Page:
Should we be anxious when assessing anxiety using the Beck Anxiety Inventory in clinical insomnia patients?

Published

Journal Article

Assessing for clinical levels of anxiety is crucial, as comorbid insomnias far outnumber primary insomnias (PI). Such assessment is complex since those with Anxiety Disorders (AD) and those with PI have overlapping symptoms. Because of this overlap, we need studies that examine the assessment of anxiety in clinical insomnia groups. Participants (N = 207) were classified as having insomnia: 1) without an anxiety disorder (I-ND), or 2) with an anxiety disorder (I-AD). Mean Beck Anxiety Inventory (BAI) item responses were compared using multivariate analysis of variance (MANOVA) and follow-up ANOVAs. As a validity check, a receiver operating characteristic (ROC) curve analysis was conducted to determine if the BAI suggested clinical cutoff was valid for identifying clinical levels of anxiety in this comorbid patient group. The I-ND had lower mean BAI scores than I-AD. There were significant group differences on 12 BAI items. The ROC curve analysis revealed the suggested BAI cutoff (≥16) had 55% sensitivity and 78% specificity. Although anxiety scores were highest in those with insomnia and an anxiety disorder, those with insomnia only had scores in the mild range for anxiety. Nine items did not distinguish between those insomnia sufferers with and without an anxiety disorder. Additionally, published cutoffs for the BAI were not optimal for identifying anxiety disorders in those with insomnia. Such limitations must be considered before using this measure in insomnia patient groups. In addition, the poor specificity and high number of overlapping symptoms between insomnia and anxiety highlight the diagnostic challenges facing clinicians.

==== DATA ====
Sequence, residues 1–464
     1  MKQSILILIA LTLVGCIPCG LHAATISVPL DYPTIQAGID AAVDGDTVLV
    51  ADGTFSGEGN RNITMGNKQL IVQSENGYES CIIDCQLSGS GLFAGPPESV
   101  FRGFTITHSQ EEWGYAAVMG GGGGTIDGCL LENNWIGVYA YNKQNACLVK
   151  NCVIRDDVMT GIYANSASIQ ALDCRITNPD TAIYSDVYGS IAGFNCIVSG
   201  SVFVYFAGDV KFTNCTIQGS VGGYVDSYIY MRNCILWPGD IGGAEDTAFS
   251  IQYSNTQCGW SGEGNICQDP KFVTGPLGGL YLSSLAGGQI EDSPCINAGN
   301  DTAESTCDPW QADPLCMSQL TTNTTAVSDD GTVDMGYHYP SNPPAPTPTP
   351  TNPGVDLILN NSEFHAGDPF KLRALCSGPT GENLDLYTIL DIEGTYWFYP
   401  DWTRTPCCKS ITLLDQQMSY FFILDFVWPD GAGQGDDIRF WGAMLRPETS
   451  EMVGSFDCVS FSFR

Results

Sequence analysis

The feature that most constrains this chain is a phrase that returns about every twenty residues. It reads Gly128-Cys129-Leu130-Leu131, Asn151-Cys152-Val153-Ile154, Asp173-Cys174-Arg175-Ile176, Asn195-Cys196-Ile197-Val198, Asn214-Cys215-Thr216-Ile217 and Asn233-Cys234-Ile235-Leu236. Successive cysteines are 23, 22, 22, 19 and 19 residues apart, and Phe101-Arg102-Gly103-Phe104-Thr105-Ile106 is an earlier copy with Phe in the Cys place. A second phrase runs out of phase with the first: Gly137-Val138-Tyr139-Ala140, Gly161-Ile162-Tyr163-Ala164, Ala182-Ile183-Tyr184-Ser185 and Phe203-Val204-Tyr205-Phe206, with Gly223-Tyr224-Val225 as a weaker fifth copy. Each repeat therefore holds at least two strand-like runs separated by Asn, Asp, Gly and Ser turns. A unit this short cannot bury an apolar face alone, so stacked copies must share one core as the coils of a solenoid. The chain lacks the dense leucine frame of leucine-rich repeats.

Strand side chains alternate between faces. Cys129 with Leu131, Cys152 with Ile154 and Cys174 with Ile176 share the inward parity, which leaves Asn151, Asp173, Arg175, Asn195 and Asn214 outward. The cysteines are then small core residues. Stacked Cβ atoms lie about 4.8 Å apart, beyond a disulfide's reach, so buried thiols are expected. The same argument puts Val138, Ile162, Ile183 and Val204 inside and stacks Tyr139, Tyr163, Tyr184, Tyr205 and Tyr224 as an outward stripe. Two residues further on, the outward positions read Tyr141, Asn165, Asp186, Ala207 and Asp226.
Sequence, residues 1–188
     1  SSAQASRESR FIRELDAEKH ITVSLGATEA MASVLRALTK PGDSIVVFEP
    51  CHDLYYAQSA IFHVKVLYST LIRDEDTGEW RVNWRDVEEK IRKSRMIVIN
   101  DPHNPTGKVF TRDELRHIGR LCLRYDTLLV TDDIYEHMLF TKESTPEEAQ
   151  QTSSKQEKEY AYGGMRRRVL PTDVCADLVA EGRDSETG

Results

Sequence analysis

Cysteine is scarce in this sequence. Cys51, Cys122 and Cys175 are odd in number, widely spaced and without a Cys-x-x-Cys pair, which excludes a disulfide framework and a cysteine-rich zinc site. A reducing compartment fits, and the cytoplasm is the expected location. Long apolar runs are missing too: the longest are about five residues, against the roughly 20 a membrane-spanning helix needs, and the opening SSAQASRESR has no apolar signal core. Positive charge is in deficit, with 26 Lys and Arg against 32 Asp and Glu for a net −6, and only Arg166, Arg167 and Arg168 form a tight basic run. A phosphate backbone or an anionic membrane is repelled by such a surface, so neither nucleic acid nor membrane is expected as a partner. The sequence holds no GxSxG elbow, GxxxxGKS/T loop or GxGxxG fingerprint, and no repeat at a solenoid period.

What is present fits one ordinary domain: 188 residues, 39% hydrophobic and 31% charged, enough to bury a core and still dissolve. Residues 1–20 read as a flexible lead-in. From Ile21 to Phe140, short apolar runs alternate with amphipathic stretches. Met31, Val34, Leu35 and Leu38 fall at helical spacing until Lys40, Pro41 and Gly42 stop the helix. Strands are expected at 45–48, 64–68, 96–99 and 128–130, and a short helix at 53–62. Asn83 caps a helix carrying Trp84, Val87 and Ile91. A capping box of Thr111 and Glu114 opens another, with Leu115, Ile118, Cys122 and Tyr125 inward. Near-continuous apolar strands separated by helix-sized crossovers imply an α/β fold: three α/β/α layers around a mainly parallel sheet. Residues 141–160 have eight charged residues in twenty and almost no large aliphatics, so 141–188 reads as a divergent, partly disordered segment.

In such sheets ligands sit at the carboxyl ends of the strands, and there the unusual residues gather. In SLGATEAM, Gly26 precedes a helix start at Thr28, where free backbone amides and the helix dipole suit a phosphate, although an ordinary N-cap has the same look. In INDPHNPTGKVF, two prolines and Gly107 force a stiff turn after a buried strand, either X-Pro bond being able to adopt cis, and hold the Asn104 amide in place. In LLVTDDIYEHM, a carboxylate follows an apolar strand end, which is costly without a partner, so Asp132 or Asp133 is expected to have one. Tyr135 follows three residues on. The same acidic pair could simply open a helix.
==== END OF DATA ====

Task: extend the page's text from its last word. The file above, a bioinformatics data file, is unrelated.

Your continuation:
Full Text

Duke Authors

Cited Authors

  • Carney, CE; Moss, TG; Harris, AL; Edinger, JD; Krystal, AD

Published Date

  • September 2011

Published In

Volume / Issue

  • 45 / 9

Start / End Page

  • 1243 - 1249

PubMed ID

  • 21482427

Pubmed Central ID

  • 21482427

Electronic International Standard Serial Number (EISSN)

  • 1879-1379

Digital Object Identifier (DOI)

  • 10.1016/j.jpsychires.2011.03.011

Language

  • eng

Conference Location

  • England